Earle Edward Flatt — Catholic deacon, scholar, educator, war veteran and great-grandfather — died July 30 at his home in Albany at the age of 98.
Flatt spent most of his life in Schenectady, where he raised five children with his wife, Elizabeth. He was known for his assiduous work ethic and an unwaveringly cheerful disposition, always responding to the inquiry, “How are you?” with an enthusiastic “Terrific!” Flatt had a wise aphorism for every situation and a song for every holiday (even St. Patrick’s Day). His courtesy, chivalry and impeccable table manners were of a bygone era. Flatt was quick to open his wife’s car door and would take unreasonable measures not to exit an elevator before a lady. In spite of his old-fashioned etiquette, Flatt was ahead of his time when it came to sharing household duties. He happily applied himself to chores, fastidiously vacuuming the carpet after dinner and dispatching dirty diapers with aplomb.

Born in Bradford, Pa., on May 9, 1922, Flatt moved to the Capital District at an early age with his parents, Imogene and Leslie Flatt, Sr. During World War II, Flatt volunteered for a hazardous assignment in the Pacific Theater as a U.S. Navy “frogman” in one of the newly established Underwater Demolition Teams (the precursor to the Navy SEALS). He served as executive officer of an 80-man team and was preparing for an eventual invasion of Japan when the war ended in August of 1945. He continued his service after the war, first on a patrol craft sweeper, and later as a Naval Reservist, eventually retiring with the rank of commander.

After returning from the Pacific, Flatt earned his undergraduate degree at Siena College and courted his future wife. He began his last of several attempts to propose with, “Beth, I need to tell you something,” to which she quickly replied, “Don’t even think about dumping me, because I will ditch you first!” Despite this inauspicious start, the two were married in 1949, holding their reception at the Crooked Lake Hotel in Averill Park. Last summer, Flatt and his wife — along with their five children, grandchildren, great-grandchildren, and a host of family and friends — returned to Crooked Lake to celebrate their 70th wedding anniversary.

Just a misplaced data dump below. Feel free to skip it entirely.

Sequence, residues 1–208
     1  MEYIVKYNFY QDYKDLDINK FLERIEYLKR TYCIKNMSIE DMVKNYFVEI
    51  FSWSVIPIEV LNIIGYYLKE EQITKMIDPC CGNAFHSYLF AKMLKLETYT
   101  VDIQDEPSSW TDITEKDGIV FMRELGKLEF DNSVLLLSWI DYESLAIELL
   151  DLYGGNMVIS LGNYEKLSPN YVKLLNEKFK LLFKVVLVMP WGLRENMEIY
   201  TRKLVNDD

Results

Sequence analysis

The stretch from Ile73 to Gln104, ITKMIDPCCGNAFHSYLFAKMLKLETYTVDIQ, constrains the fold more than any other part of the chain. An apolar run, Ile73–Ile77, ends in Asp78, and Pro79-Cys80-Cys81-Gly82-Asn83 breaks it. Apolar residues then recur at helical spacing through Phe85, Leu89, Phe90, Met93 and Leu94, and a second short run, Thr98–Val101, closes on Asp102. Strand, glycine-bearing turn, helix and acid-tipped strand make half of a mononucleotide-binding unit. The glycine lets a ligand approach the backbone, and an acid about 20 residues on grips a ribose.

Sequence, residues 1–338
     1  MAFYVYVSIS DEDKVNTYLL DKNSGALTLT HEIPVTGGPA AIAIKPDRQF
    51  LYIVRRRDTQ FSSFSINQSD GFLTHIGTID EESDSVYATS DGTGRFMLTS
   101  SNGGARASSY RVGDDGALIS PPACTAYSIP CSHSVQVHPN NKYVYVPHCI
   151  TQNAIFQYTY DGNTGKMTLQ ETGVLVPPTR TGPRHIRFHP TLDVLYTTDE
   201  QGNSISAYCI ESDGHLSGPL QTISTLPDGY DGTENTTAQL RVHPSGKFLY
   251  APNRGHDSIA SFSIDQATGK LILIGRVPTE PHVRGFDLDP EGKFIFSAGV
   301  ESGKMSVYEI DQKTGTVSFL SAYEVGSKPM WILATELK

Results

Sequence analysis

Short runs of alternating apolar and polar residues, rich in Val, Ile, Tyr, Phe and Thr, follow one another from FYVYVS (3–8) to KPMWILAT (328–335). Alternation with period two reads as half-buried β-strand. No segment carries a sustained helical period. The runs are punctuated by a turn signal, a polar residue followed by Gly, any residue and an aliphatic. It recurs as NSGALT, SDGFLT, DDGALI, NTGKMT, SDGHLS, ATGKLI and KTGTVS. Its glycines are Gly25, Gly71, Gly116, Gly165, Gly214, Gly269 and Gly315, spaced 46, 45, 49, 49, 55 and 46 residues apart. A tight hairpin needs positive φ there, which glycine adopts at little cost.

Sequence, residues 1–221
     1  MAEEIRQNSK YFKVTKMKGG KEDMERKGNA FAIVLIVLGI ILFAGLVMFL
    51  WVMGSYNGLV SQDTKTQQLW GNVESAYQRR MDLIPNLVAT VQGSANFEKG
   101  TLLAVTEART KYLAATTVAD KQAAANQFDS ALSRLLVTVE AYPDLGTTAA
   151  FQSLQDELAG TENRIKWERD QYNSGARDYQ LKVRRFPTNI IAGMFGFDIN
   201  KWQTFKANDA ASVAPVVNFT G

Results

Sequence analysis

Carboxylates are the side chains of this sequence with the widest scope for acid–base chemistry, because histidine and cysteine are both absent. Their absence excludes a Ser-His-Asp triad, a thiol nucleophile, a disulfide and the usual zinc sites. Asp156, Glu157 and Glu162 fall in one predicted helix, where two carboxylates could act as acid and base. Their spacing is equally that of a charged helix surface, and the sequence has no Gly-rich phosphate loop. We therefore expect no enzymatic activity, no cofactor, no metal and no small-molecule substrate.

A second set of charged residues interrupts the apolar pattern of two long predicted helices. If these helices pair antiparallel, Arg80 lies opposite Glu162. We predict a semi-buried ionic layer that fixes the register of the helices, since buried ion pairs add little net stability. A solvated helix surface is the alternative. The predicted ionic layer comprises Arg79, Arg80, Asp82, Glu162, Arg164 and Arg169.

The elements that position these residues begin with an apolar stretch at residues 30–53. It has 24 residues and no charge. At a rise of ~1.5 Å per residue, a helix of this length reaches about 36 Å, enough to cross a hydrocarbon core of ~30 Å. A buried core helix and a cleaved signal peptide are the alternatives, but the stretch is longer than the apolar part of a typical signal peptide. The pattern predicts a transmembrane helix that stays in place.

Flatt spent his career in the service of teaching and learning, first as a high school teacher, then as a supervisor of student teachers at SUNY Albany, where he earned his master’s degree and also served as an associate professor. In 1966, he earned a Ph.D. in education from the University of Connecticut and joined the New York State Education Department in the Division of Teacher Education and Certification. He later taught at his alma mater, Siena College, and also served as assistant superintendent of Schools in the Diocese of Albany.

Flatt was devoted to the Church, having converted to Catholicism as a young man. He was ordained as part of the Diocese of Albany’s first class of deacons in 1976. During his nearly 40-year tenure as a deacon at St. Madeleine Sophie Church in Guilderland, he became known for his engaging homilies, often aided by a brown paper bag full of props.

His casual, smiling delivery made Sunday’s scriptural message accessible to young children and staunch traditionalists alike. He served for 32 years as chaplain of Dutch Manor (formerly Silver Haven) Nursing Home in Rotterdam, where his penchant for breaking into “Amazing Grace” tended to spread among the residents. When the daughter of one ailing resident asked her mother if she’d prefer to receive spiritual care from a clergyman of her own denomination, she replied, “Nope, I want the old Catholic guy.” Besides ministering to the sick, he witnessed weddings, baptized dozens of babies (including, proudly, several of his own grandchildren), and performed at least one exorcism.

In addition to his parents, Flatt was preceded in death by his brother, Master Sergeant Leslie R. Flatt, Jr., and his sisters, Wilma Jeanne Roy and LaVonne Rilling. He is survived by wife and their children, Dean (Mary Ann) of Montclair, N.J., Marc (Amy) of Lillington, N.C., Beth Ann Chatnik of Schenectady, Neal (Malia) of Midlothian, Va., and Kevin (Tamerine) of Marietta, Ga. He also leaves behind 16 grandchildren, along with several great-grandchildren, nieces, nephews, and a grateful community.

A private funeral Mass was held at St. Madeleine Sophie Church, followed by interment at St. Cyril Methodius Cemetery in Rotterdam. Donations may be made in Flatt’s memory to St. Madeleine Sophie Church in Guilderland.